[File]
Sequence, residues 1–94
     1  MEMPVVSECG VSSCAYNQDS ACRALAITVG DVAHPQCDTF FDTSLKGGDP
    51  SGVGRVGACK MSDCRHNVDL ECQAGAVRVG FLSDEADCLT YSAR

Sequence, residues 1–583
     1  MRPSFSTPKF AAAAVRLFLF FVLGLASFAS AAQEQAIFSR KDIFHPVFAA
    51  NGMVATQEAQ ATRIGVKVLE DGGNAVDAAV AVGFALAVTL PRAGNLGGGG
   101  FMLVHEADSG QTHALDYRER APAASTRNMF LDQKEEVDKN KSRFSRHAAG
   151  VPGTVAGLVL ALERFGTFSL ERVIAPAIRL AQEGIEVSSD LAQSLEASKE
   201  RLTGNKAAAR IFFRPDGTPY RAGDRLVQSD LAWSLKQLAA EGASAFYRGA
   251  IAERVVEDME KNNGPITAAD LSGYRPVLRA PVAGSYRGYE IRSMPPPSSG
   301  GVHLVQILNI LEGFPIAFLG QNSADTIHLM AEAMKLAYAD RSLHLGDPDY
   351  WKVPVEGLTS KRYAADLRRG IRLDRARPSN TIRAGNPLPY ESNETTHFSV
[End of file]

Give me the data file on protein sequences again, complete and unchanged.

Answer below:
Sequence, residues 1–94
     1  MEMPVVSECG VSSCAYNQDS ACRALAITVG DVAHPQCDTF FDTSLKGGDP
    51  SGVGRVGACK MSDCRHNVDL ECQAGAVRVG FLSDEADCLT YSAR

Sequence, residues 1–583
     1  MRPSFSTPKF AAAAVRLFLF FVLGLASFAS AAQEQAIFSR KDIFHPVFAA
    51  NGMVATQEAQ ATRIGVKVLE DGGNAVDAAV AVGFALAVTL PRAGNLGGGG
   101  FMLVHEADSG QTHALDYRER APAASTRNMF LDQKEEVDKN KSRFSRHAAG
   151  VPGTVAGLVL ALERFGTFSL ERVIAPAIRL AQEGIEVSSD LAQSLEASKE
   201  RLTGNKAAAR IFFRPDGTPY RAGDRLVQSD LAWSLKQLAA EGASAFYRGA
   251  IAERVVEDME KNNGPITAAD LSGYRPVLRA PVAGSYRGYE IRSMPPPSSG
   301  GVHLVQILNI LEGFPIAFLG QNSADTIHLM AEAMKLAYAD RSLHLGDPDY
   351  WKVPVEGLTS KRYAADLRRG IRLDRARPSN TIRAGNPLPY ESNETTHFSV